Mounting a front cell focusing lens on a bellows or a helicoid gives us
a lens system with adjustable charasteristics depending on the front cell
focus setting. Fixing the front cell focus at 1m or less results in an
undercorrected lens which has a peaky background bokeh and a lot of glow due to
almost like a meniscus but with a better sharpness at focus and rather little coma.
Sometimes the result is a wee bit extreme, but with practice it can be
moderated at will using the front cell, setting the softness before focusing
just like when working with an old-time soft portrait lens.
NB. most of the glow in the photos isn't lens flare but just spherical
aberration as indicated by the dependence of the halo width on the distance,
e.g., being in focus the white blouse at the lower edge of the photo #0564
causes quite negligible flare but those further off have a quite distinct,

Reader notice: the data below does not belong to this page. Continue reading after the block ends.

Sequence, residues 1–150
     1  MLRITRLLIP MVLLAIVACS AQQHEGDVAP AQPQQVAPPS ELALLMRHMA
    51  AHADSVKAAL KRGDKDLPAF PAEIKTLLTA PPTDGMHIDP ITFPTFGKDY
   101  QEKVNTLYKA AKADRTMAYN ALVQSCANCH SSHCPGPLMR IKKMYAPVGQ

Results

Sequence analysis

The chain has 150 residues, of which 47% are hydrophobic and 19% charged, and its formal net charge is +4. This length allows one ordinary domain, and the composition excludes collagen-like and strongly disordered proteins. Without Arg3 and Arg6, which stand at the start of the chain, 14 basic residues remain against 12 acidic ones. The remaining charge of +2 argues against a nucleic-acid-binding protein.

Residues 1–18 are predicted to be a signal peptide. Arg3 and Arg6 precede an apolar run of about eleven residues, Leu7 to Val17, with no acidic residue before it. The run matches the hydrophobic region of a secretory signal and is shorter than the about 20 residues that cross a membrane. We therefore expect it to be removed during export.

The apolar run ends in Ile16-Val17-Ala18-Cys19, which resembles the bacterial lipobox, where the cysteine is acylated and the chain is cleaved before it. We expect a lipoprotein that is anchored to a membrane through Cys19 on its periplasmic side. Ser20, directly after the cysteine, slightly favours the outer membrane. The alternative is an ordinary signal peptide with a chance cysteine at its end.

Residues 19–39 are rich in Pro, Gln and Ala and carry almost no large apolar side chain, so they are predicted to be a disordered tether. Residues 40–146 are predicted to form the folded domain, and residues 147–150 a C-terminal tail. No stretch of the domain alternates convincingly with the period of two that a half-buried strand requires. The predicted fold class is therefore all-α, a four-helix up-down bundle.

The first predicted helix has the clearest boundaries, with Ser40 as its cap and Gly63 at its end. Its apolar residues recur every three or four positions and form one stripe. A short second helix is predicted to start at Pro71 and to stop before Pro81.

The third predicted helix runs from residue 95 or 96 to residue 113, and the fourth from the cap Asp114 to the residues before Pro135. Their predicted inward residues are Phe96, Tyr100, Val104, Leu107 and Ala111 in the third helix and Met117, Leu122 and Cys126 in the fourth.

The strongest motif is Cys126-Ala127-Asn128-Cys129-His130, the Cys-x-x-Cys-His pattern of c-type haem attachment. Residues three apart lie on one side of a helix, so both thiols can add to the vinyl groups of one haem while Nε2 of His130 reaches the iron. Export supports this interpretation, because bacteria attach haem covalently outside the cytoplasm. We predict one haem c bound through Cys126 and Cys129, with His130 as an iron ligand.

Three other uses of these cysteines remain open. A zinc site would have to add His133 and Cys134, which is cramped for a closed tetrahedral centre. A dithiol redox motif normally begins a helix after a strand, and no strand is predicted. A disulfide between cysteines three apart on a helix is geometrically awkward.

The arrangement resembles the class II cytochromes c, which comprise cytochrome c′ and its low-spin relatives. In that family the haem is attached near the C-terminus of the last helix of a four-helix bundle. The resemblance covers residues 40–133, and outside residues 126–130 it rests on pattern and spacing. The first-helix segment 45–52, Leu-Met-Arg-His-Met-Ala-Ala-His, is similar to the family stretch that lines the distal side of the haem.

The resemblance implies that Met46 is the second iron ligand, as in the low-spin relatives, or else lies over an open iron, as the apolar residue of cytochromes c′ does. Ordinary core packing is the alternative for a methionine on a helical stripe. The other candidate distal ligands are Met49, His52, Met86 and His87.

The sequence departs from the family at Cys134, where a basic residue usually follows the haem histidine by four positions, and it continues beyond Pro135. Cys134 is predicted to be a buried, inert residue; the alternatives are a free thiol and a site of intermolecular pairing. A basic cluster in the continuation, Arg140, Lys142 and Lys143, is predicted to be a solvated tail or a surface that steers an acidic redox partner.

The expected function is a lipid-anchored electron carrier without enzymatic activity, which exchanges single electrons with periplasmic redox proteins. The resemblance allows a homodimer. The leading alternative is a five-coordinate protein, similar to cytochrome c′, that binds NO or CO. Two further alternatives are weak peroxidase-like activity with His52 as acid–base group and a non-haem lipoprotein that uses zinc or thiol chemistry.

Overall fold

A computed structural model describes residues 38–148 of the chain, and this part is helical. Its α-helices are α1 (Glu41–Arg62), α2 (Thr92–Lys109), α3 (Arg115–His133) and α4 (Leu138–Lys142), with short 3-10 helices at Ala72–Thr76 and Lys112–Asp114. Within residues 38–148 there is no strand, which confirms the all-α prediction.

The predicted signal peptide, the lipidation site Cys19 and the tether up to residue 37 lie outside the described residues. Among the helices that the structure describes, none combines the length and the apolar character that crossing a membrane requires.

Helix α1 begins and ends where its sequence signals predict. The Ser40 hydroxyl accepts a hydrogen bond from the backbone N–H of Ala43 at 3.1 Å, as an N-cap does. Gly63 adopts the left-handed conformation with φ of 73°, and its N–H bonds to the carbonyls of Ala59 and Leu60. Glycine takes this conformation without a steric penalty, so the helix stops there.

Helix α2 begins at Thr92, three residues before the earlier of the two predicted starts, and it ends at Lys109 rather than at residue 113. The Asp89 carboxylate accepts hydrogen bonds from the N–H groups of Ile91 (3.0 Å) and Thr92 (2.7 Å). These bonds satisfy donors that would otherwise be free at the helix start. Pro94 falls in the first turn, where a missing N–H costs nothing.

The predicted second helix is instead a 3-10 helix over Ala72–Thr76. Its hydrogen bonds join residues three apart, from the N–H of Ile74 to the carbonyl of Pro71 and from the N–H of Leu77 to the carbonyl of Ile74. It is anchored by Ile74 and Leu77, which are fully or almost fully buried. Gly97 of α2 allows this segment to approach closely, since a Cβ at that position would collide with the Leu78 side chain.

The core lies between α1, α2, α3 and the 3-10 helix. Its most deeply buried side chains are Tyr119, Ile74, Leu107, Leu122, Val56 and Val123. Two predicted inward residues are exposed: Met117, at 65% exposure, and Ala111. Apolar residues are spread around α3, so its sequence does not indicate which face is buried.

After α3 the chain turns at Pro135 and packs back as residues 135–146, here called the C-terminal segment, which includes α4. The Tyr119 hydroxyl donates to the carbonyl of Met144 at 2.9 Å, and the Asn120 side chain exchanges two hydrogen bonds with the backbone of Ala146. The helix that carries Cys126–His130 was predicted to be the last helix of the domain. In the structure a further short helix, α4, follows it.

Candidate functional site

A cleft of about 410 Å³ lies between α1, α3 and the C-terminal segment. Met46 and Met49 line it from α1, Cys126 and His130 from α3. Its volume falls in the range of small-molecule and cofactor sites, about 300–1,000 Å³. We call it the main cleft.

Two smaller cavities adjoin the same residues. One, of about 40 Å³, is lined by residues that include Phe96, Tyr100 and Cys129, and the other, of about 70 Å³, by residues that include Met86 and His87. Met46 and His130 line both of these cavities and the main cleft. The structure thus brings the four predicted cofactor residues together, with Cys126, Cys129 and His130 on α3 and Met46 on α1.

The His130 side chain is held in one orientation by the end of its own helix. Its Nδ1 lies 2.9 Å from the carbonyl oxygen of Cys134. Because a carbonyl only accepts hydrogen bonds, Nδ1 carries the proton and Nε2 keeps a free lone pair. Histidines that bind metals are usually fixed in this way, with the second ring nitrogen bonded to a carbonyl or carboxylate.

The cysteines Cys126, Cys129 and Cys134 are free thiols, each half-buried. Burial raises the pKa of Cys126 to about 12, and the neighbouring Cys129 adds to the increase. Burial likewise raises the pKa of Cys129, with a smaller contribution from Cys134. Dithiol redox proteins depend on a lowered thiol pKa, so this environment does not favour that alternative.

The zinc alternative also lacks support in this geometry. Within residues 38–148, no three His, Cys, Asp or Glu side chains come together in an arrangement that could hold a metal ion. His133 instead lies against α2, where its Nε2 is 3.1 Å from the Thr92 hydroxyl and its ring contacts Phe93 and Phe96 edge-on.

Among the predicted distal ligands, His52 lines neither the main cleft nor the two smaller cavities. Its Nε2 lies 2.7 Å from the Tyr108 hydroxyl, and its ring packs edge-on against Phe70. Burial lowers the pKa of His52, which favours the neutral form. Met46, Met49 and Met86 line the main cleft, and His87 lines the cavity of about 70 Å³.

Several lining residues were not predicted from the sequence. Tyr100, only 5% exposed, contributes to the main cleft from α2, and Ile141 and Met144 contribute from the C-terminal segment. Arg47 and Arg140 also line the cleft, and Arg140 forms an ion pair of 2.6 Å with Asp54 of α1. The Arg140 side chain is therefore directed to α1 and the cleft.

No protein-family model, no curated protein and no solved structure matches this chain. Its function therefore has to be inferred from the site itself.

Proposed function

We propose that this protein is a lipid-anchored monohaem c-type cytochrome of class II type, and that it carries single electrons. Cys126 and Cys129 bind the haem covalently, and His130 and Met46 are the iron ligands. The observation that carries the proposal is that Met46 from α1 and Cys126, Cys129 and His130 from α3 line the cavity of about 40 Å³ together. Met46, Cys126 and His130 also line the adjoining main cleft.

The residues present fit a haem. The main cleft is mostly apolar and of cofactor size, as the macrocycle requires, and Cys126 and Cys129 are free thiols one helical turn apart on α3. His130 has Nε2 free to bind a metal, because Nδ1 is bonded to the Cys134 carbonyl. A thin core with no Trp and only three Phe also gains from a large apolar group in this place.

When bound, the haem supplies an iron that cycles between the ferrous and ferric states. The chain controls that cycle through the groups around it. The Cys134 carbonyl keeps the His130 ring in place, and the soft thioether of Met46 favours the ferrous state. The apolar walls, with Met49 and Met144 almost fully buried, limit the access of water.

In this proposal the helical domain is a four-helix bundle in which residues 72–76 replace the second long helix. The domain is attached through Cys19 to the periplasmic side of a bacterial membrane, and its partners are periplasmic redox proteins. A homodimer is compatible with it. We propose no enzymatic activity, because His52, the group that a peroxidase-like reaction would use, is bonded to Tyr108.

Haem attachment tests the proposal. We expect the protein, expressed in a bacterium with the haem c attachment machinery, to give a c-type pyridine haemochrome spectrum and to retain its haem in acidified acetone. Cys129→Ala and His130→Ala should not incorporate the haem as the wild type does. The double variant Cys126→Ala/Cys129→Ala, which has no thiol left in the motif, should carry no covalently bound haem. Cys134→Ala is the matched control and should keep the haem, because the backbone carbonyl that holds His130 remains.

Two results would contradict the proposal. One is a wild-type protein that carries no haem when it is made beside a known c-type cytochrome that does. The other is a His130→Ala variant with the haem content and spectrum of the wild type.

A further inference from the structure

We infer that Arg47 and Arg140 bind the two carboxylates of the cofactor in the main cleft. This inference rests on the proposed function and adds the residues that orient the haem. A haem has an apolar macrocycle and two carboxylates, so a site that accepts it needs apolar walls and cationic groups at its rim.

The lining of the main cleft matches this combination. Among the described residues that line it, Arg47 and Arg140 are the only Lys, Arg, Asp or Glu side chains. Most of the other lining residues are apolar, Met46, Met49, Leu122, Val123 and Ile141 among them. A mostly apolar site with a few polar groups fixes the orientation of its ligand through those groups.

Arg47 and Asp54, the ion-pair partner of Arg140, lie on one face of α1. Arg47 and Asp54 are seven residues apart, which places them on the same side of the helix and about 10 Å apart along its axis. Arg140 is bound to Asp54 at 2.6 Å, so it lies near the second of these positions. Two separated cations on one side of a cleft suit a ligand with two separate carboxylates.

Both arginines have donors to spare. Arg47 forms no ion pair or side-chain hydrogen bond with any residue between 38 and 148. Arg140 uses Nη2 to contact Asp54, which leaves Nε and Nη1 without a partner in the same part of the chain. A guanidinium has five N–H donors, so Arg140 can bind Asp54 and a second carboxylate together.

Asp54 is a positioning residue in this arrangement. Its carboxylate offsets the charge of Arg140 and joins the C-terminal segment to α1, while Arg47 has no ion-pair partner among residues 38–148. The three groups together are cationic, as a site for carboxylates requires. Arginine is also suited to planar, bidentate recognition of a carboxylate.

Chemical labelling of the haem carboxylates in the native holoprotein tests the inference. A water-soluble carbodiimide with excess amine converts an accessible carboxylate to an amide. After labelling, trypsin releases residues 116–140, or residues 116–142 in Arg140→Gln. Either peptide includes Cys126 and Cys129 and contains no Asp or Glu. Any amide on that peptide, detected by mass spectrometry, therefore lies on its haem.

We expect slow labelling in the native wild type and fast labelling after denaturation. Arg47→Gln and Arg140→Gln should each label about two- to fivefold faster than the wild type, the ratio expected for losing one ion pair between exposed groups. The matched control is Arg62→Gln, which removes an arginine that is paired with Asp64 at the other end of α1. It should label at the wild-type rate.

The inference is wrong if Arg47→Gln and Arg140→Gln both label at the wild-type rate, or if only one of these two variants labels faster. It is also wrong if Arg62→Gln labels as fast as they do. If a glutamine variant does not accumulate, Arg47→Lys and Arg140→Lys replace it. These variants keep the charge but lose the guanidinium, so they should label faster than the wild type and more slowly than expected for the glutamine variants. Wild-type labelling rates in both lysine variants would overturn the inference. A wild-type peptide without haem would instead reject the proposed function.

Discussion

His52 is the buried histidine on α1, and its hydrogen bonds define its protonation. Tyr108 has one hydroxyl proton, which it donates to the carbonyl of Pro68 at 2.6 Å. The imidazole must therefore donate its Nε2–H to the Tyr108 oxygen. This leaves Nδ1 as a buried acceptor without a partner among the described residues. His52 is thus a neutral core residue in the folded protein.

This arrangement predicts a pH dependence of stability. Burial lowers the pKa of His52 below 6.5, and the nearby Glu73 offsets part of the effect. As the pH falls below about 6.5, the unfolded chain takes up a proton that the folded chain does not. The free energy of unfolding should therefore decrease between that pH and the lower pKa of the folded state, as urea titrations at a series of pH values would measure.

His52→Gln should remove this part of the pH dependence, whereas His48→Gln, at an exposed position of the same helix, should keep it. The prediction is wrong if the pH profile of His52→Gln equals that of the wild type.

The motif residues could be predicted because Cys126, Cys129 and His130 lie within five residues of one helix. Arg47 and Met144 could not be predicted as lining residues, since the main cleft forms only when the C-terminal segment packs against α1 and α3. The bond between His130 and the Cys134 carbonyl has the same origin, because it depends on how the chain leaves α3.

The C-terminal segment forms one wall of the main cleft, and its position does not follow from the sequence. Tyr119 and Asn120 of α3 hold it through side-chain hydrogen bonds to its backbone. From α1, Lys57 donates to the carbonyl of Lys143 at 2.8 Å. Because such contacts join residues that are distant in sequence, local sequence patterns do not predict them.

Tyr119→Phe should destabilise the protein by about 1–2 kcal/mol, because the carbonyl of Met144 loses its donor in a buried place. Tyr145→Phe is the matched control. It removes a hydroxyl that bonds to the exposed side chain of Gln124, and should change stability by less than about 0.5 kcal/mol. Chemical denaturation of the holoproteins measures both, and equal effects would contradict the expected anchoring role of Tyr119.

outwards thinning halo surrounding them. The foreground column and the
background statue in #0527 also show this relationship very clearly.
Correspondingly, the black roof and the other black structures in #0533
have a very distinct black halo, and #0556 has multi-colored smearing.
The smearing can be discerned at the outlines but also affects the
insides of larger objects lending them a glow which differs from the
OOF behaviour of differently tuned lenses. This is the price which must be
paid for the high quality bokeh, completely without the glow a bokeh can
be neutral at best.
The focal length of the lens system depends on the front cell setting.
If the FL is 105 mm at the infinity setting, it must drop to
95 mm at the 1 m setting in order to achieve focus in the
original folder camera, which has a fixed lens-to-film distance and
thus must resort to changing the focal length.